Geese As Guard Dogs: Security Systems Through the Ages
The desire to protect our property is not new by any means. Ancient civilizations utilized a variety of methods to keep intruders out. From the specially bred dogs of Imperial China, to the wooden lock systems of ancient Egypt, mankind has been trying to keep wannabe thieves out for centuries. We’ve gathered three examples to show just how security systems have changed through the ages.
Typically one of the last lines of defense (after a watch tower, outer wall, catapults, and more), moats were a staple of a castle’s defense system. Whether filled with water and flesh-eating creatures, or left dry and lined with spikes, moats did well to slow down attackers after the drawbridge was raised.
What happened if an intruder made it past the moat? Well, they were in for more nasty surprises. Murder holes often lined the ceiling above the passageway intruders needed to go through in order to make their way into the main grounds of the castle. Through these holes came any number of horrible things, including scalding water, tar, arrows, rocks and even boiling oil. Talk about home security!
We’ve all heard of—and may even consider our own dogs to be—guard dogs. If an intruder is near our home, the guard dogs leaps into action with an unbroken chain of barks. We wake up and handle the situation. Or perhaps Fido goes on the attack.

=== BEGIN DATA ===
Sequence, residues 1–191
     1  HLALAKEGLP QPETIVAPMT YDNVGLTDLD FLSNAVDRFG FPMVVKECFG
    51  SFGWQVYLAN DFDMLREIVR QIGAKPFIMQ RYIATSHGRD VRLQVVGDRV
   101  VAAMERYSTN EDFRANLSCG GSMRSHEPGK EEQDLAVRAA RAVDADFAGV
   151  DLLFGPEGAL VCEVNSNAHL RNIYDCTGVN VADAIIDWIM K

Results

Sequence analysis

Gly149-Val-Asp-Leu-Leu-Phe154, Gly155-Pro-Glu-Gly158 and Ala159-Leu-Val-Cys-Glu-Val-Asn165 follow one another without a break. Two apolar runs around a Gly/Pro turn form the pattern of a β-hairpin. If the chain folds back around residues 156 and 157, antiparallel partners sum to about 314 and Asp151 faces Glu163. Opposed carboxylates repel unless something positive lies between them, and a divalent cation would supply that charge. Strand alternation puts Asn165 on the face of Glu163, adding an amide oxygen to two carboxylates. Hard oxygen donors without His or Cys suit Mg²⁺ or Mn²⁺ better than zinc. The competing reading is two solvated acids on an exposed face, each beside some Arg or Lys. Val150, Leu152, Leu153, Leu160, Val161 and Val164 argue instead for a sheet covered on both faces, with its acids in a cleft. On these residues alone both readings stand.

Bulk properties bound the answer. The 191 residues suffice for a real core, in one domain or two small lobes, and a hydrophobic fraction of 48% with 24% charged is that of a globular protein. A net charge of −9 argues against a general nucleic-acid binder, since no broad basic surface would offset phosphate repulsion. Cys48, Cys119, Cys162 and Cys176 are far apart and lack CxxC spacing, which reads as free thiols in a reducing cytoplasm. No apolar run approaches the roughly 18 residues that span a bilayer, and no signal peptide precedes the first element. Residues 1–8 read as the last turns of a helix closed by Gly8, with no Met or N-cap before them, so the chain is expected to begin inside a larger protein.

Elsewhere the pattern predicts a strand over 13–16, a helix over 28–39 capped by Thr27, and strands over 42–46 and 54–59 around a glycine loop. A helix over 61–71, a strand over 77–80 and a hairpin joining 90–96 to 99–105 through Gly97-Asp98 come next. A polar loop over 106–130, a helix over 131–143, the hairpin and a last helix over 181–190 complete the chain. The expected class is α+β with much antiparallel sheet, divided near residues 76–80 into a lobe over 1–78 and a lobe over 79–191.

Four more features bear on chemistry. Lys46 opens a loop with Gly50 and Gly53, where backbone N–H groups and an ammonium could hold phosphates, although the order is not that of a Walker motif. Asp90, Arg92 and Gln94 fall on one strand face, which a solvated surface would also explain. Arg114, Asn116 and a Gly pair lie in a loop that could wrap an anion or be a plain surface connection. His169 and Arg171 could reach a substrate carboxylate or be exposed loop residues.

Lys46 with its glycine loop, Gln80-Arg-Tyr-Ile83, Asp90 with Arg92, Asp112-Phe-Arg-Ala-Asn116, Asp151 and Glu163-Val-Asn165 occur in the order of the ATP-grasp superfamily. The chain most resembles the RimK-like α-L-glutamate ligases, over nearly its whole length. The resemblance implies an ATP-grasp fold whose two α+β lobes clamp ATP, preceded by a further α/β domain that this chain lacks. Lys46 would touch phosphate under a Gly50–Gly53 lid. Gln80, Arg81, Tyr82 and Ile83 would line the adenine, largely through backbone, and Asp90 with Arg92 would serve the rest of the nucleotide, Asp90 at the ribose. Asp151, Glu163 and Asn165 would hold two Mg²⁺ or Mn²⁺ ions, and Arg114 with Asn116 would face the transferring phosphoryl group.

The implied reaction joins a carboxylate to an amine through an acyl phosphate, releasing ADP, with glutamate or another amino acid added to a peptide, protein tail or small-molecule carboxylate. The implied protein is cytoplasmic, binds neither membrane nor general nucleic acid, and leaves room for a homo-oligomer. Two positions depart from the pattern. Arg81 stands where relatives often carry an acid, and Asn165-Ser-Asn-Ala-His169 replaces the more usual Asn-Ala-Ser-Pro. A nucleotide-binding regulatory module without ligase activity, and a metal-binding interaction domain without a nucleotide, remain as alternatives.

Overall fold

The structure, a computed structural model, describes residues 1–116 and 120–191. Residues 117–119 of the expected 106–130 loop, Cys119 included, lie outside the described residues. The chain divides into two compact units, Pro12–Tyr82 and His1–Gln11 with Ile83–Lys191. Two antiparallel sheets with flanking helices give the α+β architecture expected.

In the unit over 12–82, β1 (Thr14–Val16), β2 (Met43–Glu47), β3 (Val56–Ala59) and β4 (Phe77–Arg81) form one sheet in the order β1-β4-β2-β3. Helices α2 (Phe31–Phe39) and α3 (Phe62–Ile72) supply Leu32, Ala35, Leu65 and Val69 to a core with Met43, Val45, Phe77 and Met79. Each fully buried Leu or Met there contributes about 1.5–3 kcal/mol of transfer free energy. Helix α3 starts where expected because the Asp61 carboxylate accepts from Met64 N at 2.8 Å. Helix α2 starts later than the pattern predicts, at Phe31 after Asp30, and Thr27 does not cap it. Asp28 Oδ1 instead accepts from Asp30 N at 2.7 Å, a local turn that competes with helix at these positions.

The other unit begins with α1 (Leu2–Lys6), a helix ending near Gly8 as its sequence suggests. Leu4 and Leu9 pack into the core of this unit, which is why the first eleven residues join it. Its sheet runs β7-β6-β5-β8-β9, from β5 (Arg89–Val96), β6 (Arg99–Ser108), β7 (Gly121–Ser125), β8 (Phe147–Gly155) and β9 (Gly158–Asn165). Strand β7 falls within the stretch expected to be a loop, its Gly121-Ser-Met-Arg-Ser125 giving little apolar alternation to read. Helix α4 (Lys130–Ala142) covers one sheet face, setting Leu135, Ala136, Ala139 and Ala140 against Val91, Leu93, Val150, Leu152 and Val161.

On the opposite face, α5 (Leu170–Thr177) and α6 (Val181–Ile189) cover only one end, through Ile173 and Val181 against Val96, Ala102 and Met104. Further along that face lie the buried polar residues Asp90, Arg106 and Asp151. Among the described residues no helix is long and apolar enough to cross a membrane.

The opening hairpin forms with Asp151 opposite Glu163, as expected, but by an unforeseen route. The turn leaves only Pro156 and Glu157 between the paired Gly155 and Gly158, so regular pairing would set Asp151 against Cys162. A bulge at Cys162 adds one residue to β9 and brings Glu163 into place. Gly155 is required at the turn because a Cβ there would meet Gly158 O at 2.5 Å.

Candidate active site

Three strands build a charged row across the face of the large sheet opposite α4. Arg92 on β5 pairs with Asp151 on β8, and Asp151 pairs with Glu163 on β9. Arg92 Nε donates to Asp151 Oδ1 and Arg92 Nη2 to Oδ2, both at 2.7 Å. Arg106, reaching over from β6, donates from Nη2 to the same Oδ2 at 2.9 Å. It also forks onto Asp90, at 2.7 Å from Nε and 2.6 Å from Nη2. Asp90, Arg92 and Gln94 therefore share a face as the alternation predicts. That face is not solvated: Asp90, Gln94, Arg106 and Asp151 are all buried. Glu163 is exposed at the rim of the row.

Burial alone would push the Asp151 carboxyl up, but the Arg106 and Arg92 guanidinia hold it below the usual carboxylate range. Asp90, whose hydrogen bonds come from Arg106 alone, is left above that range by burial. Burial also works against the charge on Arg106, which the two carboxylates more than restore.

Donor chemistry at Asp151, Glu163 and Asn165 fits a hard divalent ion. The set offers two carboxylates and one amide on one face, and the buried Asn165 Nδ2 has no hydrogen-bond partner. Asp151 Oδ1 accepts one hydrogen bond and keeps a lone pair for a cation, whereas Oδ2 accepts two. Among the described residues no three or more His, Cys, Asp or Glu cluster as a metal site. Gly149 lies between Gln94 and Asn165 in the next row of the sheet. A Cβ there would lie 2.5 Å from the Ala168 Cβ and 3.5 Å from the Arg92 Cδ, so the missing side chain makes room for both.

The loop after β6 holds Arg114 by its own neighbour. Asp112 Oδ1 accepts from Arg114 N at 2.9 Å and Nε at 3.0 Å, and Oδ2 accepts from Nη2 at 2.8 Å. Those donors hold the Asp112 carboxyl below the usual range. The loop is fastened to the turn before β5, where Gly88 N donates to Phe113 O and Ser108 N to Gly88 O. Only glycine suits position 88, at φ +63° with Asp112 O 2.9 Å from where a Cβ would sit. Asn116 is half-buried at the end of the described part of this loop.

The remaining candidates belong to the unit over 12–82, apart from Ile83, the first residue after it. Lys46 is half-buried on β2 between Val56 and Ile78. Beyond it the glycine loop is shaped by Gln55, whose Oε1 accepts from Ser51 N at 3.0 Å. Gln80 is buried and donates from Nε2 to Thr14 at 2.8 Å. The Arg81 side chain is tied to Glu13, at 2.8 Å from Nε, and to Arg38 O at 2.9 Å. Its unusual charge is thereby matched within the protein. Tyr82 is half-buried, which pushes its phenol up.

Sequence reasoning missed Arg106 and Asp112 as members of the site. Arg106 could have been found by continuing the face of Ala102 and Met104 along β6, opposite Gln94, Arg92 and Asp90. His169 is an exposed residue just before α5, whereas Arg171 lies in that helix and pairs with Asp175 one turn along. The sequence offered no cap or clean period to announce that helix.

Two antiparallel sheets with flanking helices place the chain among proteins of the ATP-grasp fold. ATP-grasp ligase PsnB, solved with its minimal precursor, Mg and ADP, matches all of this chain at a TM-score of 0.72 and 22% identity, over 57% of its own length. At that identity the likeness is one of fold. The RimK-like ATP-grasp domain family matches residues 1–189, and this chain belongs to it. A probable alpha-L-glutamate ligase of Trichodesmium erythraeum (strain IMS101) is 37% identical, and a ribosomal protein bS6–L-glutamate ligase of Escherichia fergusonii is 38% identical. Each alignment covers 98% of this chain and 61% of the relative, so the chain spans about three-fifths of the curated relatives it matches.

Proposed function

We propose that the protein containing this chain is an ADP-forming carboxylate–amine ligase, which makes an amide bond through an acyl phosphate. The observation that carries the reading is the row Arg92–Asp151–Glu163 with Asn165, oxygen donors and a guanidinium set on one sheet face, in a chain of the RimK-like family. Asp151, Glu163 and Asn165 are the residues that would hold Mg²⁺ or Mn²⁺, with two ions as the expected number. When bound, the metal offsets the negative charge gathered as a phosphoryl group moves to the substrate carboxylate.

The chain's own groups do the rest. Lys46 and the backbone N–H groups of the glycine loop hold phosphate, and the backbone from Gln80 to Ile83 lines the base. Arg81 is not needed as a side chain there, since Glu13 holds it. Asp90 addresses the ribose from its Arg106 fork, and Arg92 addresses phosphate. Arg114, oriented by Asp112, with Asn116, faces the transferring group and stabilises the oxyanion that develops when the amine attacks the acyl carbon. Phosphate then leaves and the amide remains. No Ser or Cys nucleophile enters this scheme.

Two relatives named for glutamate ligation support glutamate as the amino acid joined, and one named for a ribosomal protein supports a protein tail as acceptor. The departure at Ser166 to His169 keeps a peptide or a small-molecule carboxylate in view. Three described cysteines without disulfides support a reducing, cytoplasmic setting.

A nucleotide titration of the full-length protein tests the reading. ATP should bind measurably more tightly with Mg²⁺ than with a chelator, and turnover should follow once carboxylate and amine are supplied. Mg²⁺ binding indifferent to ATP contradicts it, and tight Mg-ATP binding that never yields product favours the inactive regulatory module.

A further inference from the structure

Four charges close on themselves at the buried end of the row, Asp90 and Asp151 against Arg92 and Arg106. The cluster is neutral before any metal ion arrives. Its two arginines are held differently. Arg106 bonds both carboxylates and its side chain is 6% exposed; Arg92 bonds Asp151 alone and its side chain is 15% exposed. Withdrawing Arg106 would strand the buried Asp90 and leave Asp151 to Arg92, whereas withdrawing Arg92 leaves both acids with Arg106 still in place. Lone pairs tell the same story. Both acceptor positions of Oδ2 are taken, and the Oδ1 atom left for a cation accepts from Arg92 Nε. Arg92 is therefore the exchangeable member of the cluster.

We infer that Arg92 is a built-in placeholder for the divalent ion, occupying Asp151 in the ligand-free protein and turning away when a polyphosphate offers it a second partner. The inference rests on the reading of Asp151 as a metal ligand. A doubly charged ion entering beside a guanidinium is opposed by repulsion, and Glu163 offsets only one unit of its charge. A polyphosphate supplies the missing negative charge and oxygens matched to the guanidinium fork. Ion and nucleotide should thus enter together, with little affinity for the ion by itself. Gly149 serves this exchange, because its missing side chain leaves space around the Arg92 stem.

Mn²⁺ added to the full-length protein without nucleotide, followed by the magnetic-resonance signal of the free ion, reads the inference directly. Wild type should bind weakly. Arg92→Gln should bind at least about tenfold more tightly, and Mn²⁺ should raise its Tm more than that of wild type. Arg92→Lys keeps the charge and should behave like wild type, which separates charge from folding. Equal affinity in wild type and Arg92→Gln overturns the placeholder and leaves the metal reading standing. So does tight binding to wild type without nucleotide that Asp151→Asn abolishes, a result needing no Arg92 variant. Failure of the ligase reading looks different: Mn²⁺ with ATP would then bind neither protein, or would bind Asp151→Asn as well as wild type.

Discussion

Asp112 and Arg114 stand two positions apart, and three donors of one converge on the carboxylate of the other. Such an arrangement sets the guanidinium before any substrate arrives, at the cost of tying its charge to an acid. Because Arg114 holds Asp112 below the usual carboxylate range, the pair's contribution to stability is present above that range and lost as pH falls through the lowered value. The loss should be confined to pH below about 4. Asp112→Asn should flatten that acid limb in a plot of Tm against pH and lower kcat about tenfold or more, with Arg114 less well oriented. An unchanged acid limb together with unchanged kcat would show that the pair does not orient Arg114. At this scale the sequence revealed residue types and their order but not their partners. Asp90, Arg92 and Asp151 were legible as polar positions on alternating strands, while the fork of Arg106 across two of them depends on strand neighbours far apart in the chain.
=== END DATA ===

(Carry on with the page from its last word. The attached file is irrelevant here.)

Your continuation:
But our ancestors discovered a different animal made an even better guard: geese.
For starters, these winged creatures are quite territorial. They recognize that those who live within the area they’re protecting are members of their flock. Any newcomer will cause them to sound their (alarmingly loud) honk alarm. And being able to see a much broader spectrum of color wavelengths than humans, geese’s sight is quite impressive.
Today, geese are used all over the world in tandem with modern security systems. In China’s Xinjiang Province, geese watch over the police stations at night. And guess what? It’s working like a charm.
Ancient Japan had its fair share of home invaders. As an alert system, the Japanese used an ingenious form of security: intentionally squeaky floors.
Sometimes referred to as cricket floors, nightingale floors had nails inserted beneath the boards. When someone walked over the boards, the nail rubbed against the wood, causing a chirping sound. Anyone, from a run-of-the-mill intruder to a trained ninja, was at the mercy of this subtle security system.
Want to implement these security systems? You’ll have to do some Googling. But if you want your home secured with the latest in technological advances, look no further than SEi. With SEi, you can view live video feeds of your home from your smartphone, get instant alerts if an alarm is tripped, and so much more. Give SEi a call today at 800-334-3272 and find out just how far we’ve come in improving home security.
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